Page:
Every year his parents went to Jerusalem for the Feast of the Passover. When he was twelve years old, they went up to the Feast, according to the custom. After the Feast was over, while his parents were returning home, the boy Jesus stayed behind in Jerusalem, but they were unaware of it. Thinking he was in their company, they traveled on for a day. Then they began looking for him among their relatives and friends. When they did not find him, they went back to Jerusalem to look for him. After three days they found him in the temple courts, sitting among the teachers, listening to them and asking them questions. Luke 2:41-46
Joseph and Mary, with their caravan of friends and relatives, had departed Jerusalem. But the boy had lingered in the temple. What had caused Jesus to stay? What inner motivation had persuaded Him to remain behind at His parent's departure?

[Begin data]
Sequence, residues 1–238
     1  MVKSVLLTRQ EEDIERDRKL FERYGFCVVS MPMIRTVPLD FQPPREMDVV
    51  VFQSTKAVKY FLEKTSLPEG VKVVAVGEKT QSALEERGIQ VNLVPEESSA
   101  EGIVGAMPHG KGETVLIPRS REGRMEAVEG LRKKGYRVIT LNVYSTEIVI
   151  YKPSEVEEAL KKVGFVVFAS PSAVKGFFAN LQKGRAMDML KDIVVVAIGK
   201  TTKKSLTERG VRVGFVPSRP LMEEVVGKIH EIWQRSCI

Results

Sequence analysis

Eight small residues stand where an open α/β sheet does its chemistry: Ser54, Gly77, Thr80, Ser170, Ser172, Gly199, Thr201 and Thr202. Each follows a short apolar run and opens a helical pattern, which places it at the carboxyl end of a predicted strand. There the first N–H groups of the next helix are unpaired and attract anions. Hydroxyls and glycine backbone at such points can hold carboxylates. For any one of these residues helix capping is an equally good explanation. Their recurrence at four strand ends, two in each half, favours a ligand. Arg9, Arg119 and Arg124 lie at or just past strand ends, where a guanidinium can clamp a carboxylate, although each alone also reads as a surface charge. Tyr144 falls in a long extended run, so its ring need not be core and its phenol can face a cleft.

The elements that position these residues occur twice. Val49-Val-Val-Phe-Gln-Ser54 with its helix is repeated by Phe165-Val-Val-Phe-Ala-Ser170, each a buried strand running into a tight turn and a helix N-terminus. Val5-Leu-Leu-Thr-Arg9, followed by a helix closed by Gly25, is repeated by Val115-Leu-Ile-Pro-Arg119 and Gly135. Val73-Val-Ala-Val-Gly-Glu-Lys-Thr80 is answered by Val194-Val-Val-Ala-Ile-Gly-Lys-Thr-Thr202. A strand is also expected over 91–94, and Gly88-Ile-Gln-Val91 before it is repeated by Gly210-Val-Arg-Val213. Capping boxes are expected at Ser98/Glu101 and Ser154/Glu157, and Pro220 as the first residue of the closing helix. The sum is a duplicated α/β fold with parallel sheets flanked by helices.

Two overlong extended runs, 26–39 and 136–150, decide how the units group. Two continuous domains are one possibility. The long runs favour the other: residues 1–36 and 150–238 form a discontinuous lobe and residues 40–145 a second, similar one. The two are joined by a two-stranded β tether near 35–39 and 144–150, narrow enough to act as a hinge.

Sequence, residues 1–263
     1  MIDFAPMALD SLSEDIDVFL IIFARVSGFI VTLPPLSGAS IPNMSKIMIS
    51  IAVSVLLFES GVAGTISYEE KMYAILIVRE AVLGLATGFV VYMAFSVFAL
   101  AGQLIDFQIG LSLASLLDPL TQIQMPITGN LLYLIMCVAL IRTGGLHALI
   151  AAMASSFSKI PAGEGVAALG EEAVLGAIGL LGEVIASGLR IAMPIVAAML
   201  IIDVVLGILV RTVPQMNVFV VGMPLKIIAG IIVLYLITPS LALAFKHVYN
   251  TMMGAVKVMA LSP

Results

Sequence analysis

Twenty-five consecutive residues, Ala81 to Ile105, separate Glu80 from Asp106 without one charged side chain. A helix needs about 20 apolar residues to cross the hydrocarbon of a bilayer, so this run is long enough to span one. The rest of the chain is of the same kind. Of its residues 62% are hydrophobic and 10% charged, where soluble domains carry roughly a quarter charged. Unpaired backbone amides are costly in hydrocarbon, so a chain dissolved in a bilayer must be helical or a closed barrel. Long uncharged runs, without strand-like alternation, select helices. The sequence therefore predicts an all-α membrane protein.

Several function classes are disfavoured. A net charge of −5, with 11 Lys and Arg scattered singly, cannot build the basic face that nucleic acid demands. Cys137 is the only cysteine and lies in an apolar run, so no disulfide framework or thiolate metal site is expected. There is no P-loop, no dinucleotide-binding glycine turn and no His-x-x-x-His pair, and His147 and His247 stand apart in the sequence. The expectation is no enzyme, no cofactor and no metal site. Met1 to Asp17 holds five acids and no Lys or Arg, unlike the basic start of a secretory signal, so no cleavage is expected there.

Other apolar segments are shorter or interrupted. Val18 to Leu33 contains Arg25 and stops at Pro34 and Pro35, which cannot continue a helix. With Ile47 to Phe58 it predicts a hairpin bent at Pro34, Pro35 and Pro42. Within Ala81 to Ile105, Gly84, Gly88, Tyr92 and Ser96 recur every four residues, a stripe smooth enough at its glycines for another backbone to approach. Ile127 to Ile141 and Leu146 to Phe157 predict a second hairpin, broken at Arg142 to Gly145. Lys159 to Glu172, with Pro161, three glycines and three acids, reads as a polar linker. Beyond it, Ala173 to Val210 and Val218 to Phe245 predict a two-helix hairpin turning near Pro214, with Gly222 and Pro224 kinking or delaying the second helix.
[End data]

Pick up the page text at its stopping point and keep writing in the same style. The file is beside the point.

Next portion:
While in Egypt years ago, my wife and I were one day visiting the Temple of Seti I in Abydos. Roaming away from the organized tour, I wandered deeper into the recesses of the temple, until I came upon a large, shadowy chamber filled with huge pillars. I was suddenly overcome by a sense of belonging--as if this room had once been as familiar to me as my own house. Since I don't subscribe to the theory of reincarnation, to this day I have no explanation for the sensation that passed through me. But I've never forgotten the powerful sense of belonging I experienced in that room.
I wonder if Jesus experienced that same sense of belonging the day he visited the temple as a young boy. His heavenly Father had ordained that structure as the unique place where He would meet with His people. At that time there was nowhere else on earth where the presence of God could be more tangibly felt than in that structure.